IRI Survey of South Sudanese IDPs and Refugees Shows Support for Peace Process, Concern Views Will Not be Represented
According to a new survey research project released today by IRI, more than half of South Sudanese refugees interviewed in Kenya and Uganda and internally displaced persons (IDP) in South Sudan believe a transitional government is the solution to the current crisis in South Sudan, which began in December 2013 when the world’s youngest country descended into civil war.
Juba, South Sudan – According to a new survey research project released today by IRI, more than half of South Sudanese refugees interviewed in Kenya and Uganda and internally displaced persons (IDP) in South Sudan believe a transitional government is the solution to the current crisis in South Sudan, which began in December 2013 when the world’s youngest country descended into civil war.
When asked what they would need to see before they would be willing to return home, the plurality of respondents said peace. The second largest group said security.
South Sudanese Show Limited Confidence in Peace and Reconciliation Process
While 48 percent of respondents said they are aware of the ongoing peace and reconciliation process taking place in Addis Ababa, Ethiopia, less than half of that group, 44 percent, believe the process will reflect their views. Forty-two percent do not believe their views will be represented. Twenty-nine percent believe South Sudanese citizens are the most important group to participate in the process, and 27 percent believe the international community is the most important group to participate in the process.
“The survey shows the clear importance of incorporating the views of all South Sudanese citizens in the peace and reconciliation process and any transitional government moving forward,” noted Ambassador Mark Green, president of IRI. “IRI would welcome the chance to help ensure that the voices of South Sudanese refugees and internally displaced persons are heard in this vital process.”
Previously, through an IRI-sponsored dialogue series, IRI assisted South Sudanese political parties and youth to gather input for the ongoing peace process in Addis Ababa, Ethiopia. Green added, “On this one year anniversary of the crisis in South Sudan, we call on all parties in South Sudan to commit to bringing real and lasting peace to their country.”
Other groups that respondents consider important to the negotiations are the government of South Sudan, political parties and the ‘warring factions.’ Respondents clearly want to see an inclusive process. A strong plurality, 44 percent, believes women should have a ‘peacemaking’ role in the reconciliation process and transitional government.
Support for a Transitional Government, with Unity a Key Issue
More than half of respondents, 53 percent, believe a transitional government in South Sudan is the solution to the current crisis. A quarter of respondents – 27 percent – disagree and believe such a government would bring together groups that do not understand each other or have a hidden agenda. For those who support a transitional government, the most important issues for it to address include peace, unity and security.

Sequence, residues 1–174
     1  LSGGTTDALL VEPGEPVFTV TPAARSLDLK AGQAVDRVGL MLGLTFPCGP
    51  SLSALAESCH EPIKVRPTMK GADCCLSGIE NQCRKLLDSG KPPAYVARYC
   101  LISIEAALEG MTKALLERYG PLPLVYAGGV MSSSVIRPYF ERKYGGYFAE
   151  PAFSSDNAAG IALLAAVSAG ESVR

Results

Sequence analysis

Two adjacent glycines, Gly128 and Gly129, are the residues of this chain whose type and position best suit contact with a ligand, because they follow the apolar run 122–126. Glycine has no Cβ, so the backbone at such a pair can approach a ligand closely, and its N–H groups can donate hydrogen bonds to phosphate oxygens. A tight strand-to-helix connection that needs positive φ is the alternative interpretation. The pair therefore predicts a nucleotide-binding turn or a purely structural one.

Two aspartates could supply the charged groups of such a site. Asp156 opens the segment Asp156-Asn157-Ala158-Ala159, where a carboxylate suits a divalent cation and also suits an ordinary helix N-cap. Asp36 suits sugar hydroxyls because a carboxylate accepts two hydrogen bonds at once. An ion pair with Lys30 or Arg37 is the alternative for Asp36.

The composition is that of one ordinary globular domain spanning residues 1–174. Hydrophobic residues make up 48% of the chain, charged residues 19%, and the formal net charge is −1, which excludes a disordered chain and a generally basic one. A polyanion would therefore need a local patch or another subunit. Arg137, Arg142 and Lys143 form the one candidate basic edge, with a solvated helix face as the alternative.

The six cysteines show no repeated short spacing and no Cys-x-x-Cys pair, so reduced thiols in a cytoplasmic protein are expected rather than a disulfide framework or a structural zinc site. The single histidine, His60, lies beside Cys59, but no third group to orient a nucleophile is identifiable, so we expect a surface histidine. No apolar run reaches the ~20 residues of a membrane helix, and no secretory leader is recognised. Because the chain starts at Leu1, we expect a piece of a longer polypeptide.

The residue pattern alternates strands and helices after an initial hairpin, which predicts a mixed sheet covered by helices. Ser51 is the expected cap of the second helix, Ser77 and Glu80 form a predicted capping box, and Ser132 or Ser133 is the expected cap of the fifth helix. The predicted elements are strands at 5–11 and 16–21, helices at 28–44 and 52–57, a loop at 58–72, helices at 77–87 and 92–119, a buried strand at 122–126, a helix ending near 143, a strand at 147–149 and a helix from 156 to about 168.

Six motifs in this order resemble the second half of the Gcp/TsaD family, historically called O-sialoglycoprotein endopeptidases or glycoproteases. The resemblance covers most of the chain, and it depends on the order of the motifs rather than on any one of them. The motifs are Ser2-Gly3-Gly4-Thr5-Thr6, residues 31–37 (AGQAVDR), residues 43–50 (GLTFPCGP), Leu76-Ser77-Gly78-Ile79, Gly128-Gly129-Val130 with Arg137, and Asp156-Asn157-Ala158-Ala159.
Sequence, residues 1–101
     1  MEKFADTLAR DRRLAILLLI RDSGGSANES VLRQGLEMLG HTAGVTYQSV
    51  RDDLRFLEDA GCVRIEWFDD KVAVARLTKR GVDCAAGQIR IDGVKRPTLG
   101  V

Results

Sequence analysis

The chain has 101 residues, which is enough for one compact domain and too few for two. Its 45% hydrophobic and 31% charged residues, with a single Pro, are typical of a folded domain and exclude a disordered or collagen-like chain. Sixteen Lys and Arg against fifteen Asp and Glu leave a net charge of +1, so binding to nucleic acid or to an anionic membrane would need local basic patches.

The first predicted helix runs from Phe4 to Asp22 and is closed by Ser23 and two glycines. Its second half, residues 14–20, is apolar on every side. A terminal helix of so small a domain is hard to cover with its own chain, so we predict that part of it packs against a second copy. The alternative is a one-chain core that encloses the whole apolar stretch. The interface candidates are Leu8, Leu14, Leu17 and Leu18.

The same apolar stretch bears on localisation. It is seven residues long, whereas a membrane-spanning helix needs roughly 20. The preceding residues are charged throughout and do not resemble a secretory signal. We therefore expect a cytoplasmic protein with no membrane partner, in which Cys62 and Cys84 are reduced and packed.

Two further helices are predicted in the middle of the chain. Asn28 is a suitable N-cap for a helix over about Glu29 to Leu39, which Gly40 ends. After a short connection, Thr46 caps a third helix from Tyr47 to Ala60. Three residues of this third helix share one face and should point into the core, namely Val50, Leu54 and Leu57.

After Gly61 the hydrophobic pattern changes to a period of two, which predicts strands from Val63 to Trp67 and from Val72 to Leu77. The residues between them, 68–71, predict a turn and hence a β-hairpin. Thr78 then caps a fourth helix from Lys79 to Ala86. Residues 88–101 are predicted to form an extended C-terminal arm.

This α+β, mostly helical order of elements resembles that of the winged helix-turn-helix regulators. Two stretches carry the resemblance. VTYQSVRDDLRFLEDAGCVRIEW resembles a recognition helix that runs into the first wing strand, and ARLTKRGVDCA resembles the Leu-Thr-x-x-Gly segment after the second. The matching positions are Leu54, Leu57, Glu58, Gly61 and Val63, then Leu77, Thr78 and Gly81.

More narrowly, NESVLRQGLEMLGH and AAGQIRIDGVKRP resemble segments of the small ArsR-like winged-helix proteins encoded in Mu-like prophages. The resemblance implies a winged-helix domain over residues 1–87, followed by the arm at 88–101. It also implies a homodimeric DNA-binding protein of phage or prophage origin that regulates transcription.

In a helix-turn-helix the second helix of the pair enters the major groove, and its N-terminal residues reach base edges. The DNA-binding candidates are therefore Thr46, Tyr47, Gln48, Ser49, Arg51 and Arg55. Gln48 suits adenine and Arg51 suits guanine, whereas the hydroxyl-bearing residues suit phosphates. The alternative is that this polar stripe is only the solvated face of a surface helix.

The December 2013 crisis began when tensions between factions loyal to South Sudanese President Salvar Kiir and those aligned with former Vice President Riek Machar descended into violent conflict. Since then South Sudan has remained in a state of civil warfare and humanitarian crisis.
Not surprisingly, 39 percent of respondents said that peace is the most important issue for the government of South Sudan to address before they will consider returning to their homes. This was ranked ahead of the provision of security, which was the second priority issue at 15 percent, and the provision of basic needs at 14 percent. Although, when asked differently, nearly a third – 29 percent – believe the international community should address basic needs, food and health services in order for families to be able to return to their homes.
Little Confidence in Political Parties or Awareness of Constitution
When discussing important democratic institutions such as political parties there was mixed confidence. More than half of respondents – 55 percent – said that political parties in South Sudan do not represent their needs. Only one third – 30 percent – believe that political parties do represent their needs with 15 percent who did not know.
Further, more than half of respondents also said they were not aware of the ongoing permanent constitution process in South Sudan. Among those aware, when given the opportunity to describe what they want to see in their constitution, respondents clearly defined their priorities as peace, unity, human rights, justice and equity.
The research survey was conducted via face-to-face interviews from July 14-August 4, 2014, in Kenya and Uganda; and, from September 17-22, 2014, and October 31-December 2, 2014, in South Sudan. The total sample size of randomly selected respondents was 2,505: 1,323 in South Sudan, 303 in Kenya and 879 in Uganda. The margin of error for the entire study is plus or minus 2.0 percent with higher margins of error in each country (see detailed methodology).
The survey was conducted by Chesapeake Beach Consulting with funding from the U.S. Agency for International Development.Top